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I have 4 data points, from which I want to calculate a hyperbola. It seems that the Excel trendline feature can't do it for me, so how do I find the relationship?

The points are: (x,y)

(3, 0.008) (6, 0,006) (10, 0.003) (13, 0.002)


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Probably you wanted to fit a hyperbola, not a "hyperbolic function". Just reciprocate your x-coordinates and proceed with linear regression as usual. – J. M. May 10 '11 at 9:20
Can you explain that further? I don't really understand what you mean. – MathsStudent May 10 '11 at 9:37
Do the usual linear fit on the points $\left(\frac1{x},y\right)$... – J. M. May 10 '11 at 9:45
With this data, a straight line is in fact a far closer fit in terms of the sum of squares of residuals. – Henry May 10 '11 at 12:27
up vote 3 down vote accepted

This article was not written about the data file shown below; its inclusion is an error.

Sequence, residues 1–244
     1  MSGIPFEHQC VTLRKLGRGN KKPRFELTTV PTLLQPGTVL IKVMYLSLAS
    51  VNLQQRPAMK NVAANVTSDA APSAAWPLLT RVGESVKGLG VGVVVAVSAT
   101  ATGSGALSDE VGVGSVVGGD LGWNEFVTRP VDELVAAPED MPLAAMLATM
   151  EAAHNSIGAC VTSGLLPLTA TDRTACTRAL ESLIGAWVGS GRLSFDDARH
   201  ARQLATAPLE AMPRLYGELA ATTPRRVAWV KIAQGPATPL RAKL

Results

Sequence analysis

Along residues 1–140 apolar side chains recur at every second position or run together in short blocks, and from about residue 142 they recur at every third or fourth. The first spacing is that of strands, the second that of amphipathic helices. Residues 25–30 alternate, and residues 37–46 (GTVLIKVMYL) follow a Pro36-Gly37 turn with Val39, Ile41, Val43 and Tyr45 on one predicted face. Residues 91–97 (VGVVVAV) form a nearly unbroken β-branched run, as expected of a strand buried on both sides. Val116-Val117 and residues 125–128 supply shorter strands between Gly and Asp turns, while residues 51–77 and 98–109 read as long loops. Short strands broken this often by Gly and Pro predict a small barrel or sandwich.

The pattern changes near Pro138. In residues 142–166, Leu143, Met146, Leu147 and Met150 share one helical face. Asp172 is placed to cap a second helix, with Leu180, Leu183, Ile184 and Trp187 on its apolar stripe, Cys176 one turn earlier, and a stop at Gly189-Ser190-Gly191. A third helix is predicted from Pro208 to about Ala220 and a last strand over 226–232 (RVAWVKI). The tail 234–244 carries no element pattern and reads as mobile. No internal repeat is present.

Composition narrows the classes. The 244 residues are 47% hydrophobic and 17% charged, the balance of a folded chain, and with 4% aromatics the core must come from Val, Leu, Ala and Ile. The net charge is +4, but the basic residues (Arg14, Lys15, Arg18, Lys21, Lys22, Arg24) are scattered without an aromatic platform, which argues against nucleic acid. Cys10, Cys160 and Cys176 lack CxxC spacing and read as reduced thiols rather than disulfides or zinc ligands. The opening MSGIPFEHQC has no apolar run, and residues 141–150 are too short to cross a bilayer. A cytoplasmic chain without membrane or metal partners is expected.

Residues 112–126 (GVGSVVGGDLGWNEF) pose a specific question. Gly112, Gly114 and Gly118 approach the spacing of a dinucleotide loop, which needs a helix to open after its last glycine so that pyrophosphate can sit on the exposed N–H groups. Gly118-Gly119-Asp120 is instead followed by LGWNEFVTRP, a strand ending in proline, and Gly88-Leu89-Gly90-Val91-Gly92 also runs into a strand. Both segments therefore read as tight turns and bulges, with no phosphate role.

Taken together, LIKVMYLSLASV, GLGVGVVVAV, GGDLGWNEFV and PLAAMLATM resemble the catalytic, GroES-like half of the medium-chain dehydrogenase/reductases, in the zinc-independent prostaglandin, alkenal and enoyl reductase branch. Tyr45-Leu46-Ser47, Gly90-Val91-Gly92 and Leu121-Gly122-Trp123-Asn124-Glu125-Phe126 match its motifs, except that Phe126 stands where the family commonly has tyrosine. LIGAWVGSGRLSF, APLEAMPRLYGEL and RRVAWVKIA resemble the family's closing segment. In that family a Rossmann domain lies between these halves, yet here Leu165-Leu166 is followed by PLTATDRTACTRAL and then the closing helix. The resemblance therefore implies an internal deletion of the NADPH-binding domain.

A hyperbola takes the form $y = k \frac{1}{x}$. This may be difficult to deal with. So instead, let's consider the reciprocals of our x values as J.M. suggested. For example, instead of looking at $(2.5, 0.007713)$, we consider $(\frac{1}{2.5}, 0.007713)$. Then since we have flipped all of our x values, we are looking to fit something of the form $y = k \dfrac{1}{ \frac{1}{x} } = k x$. This can be accomplished by doing any standard linear regression technique.

This is just an extension of J.M.'s comment.

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Great, thanks!! – MathsStudent May 10 '11 at 10:56

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